602 – Statement by the President in Response to Science Advisory Committee Report on Pollution of Air, Soil, and Waters.
    November 6, 1965

    Lyndon B. Johnson
    1965: Book II

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    I AM PLEASED at the thoroughness with which the panel has investigated pollution. This report will surely provide the basis for action on many fronts.

    We have made much progress. Legislative action by the 89th Congress–the Water Quality Act of 1965, amendments to the Clean Air Act, the Highway Beautification Act–has moved us along the way to a cleaner world. Now we intend to move much more rapidly. The fact that there are more than 100 recommendations in the report is evidence that there is much to be done.

    I am asking the appropriate departments and agencies to consider the recommendations and report to me on the ways in which we can move to cope with the problems cited in the report.

    Ours is a nation of affluence. But the technology that has permitted our affluence spews out vast quantities of wastes and spent products that pollute our air, poison our waters, and even impair our ability to feed ourselves. At the same time, we have crowded together into dense metropolitan areas where concentration of wastes intensifies the problem. Pollution now is one of the most pervasive problems of our society. With our numbers increasing, and with our increasing urbanization and industrialization, the flow of pollutants to our air, soil, and waters is increasing. This increase is so rapid that our present efforts in managing pollution are barely enough to stay even, surely not enough to make the improvements that are needed.

    As we look ahead to the increasing challenges of pollution we will need increased basic research in a variety of specific areas, including soil pollution and the effects of air pollutants on man. I intend to give high priority to increasing the numbers and quality of the scientists and engineers working on problems related to the control and management of pollution.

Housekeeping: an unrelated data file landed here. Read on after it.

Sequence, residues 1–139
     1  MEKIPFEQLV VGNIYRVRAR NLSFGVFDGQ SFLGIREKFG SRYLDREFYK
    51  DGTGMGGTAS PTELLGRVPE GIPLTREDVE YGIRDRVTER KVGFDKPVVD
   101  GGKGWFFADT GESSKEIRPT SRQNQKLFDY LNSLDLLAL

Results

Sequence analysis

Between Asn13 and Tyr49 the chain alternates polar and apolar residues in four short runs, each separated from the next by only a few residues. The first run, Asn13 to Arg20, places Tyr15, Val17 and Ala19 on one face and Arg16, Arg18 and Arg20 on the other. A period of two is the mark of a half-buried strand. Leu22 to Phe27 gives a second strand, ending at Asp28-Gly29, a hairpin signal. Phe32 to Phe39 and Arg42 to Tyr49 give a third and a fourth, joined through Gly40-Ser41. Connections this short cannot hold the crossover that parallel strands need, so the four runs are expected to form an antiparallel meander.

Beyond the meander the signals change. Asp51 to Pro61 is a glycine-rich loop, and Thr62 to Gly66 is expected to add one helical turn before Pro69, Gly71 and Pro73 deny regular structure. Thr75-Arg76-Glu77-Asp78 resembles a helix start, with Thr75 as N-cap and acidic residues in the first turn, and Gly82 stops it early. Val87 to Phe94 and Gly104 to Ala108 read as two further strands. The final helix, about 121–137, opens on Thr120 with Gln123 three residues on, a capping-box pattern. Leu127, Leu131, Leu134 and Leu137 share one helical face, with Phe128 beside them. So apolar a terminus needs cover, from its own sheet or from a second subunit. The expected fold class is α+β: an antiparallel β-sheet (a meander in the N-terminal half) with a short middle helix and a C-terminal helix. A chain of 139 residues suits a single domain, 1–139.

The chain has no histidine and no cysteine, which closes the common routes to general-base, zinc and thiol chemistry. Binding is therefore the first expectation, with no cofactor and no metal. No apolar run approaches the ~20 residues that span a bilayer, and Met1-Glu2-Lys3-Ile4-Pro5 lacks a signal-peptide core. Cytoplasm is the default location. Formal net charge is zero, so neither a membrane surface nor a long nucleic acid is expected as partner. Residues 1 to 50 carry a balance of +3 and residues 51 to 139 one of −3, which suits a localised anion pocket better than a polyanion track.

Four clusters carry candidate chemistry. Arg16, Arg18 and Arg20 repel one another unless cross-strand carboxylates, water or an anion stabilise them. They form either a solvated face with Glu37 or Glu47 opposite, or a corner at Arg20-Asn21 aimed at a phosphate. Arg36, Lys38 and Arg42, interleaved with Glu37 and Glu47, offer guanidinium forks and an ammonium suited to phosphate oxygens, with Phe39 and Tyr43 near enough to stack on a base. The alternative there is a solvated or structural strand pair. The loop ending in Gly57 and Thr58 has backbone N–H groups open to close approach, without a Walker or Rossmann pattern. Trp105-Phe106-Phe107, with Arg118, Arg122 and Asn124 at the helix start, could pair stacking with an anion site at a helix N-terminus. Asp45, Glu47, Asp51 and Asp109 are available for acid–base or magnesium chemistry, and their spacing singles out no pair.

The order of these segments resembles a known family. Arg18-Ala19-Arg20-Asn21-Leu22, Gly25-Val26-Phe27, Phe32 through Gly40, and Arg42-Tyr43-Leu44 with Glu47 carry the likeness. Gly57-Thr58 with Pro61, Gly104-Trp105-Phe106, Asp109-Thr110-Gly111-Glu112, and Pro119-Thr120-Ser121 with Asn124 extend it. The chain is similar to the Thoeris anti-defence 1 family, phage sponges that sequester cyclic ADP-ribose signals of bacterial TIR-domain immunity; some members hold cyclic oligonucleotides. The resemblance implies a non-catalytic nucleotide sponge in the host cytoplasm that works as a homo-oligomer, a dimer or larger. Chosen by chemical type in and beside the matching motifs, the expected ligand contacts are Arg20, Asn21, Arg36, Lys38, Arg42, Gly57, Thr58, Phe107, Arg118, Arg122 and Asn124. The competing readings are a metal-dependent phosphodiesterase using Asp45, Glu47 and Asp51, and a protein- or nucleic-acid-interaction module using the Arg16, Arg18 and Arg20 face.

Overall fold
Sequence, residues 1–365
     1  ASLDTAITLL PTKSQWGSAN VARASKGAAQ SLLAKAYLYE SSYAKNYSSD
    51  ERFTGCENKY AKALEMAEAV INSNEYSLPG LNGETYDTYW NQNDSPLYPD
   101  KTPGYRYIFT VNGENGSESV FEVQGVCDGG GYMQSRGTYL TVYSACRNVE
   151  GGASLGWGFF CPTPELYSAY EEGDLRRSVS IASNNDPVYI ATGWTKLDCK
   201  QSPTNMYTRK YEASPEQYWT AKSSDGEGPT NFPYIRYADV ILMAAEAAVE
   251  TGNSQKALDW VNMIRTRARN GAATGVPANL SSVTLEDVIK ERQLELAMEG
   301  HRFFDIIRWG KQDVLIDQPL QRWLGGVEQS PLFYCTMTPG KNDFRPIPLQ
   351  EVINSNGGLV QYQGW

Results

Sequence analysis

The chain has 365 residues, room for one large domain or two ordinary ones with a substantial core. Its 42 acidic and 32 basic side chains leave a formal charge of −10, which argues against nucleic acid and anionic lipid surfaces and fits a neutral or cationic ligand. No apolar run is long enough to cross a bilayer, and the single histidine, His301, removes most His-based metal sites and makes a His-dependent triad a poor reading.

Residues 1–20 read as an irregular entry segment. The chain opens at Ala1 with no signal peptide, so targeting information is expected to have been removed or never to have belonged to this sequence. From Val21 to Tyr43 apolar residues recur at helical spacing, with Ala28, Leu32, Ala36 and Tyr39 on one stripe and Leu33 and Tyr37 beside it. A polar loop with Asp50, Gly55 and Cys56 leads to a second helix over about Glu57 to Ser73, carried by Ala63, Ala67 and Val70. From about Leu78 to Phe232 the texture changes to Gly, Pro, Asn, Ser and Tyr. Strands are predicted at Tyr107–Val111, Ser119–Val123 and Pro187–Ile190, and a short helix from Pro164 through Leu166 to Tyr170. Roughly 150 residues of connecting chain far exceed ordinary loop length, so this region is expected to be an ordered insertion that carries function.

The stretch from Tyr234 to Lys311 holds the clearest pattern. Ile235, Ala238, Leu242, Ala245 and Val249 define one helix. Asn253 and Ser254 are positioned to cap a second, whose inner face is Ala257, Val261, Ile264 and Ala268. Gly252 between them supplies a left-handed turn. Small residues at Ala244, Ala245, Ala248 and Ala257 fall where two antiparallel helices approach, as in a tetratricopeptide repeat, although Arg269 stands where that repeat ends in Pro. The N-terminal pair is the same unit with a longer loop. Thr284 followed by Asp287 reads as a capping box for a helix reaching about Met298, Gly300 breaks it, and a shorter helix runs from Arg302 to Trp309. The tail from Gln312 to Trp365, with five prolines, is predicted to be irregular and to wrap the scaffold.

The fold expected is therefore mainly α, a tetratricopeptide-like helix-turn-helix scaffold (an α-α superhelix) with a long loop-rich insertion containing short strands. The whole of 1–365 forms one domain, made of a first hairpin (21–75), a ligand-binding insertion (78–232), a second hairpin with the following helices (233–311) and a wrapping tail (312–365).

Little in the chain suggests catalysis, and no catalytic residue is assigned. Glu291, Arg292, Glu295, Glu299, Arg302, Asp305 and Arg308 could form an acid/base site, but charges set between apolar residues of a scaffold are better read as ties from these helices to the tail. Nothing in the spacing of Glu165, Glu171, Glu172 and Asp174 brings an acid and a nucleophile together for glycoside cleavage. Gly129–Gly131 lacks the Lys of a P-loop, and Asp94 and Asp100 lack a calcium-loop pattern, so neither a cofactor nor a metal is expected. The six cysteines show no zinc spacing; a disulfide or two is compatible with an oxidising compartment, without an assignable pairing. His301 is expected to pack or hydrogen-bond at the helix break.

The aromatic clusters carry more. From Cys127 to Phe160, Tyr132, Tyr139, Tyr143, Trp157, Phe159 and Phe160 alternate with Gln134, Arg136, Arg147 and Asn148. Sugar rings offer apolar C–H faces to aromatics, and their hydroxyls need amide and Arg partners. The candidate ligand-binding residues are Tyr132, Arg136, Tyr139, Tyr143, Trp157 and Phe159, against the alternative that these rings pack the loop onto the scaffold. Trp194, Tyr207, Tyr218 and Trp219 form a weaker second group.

——————————————————————————–
    Note: The report of the Environmental Pollution Panel, President’s Science Advisory Committee, dated November 1965, is entitled “Restoring the Quality of Our Environment” (Government Printing Office, 317 PP.).
    The President’s statement was made public as part of a White House release summarizing highlights of the report. The release stated that a panel of 14 outstanding physicians, scientists, and engineers, chaired by John W. Tukey of Princeton University and Bell Telephone Laboratories, and assisted by 11 subpanels, had spent 15 months in preparation of the report.

    Significant findings of the Committee, the release noted, include the following:

    Pollution is an inevitable consequence of an advanced society, but we need not suffer from the intensity and extent of pollution we now see around us. If we are to manage our pollution as we should, we must give more nearly the same attention to how we dispose of our waste materials as to how we gather and transform our raw materials. Society must take the position that no citizen, no industry, no municipality has the right to pollute.

    We must rely on economic incentives to discourage pollution. Under this plan special taxes would be levied against polluters.

    Carbon dioxide is being added to the earth’s atmosphere by the burning of coal, oil, and natural gas at the rate of 6 billion tons a year. By the year 2000 there will be about 25 percent more carbon dioxide in our atmosphere than at present. Exhausts and other releases from automobiles contribute a major share to the generation of smog.

    Water pollution control decisions should not be based entirely on health considerations. Present water treatment practices, if vigorously applied, appear adequate to permit our use of almost all waters for domestic purposes.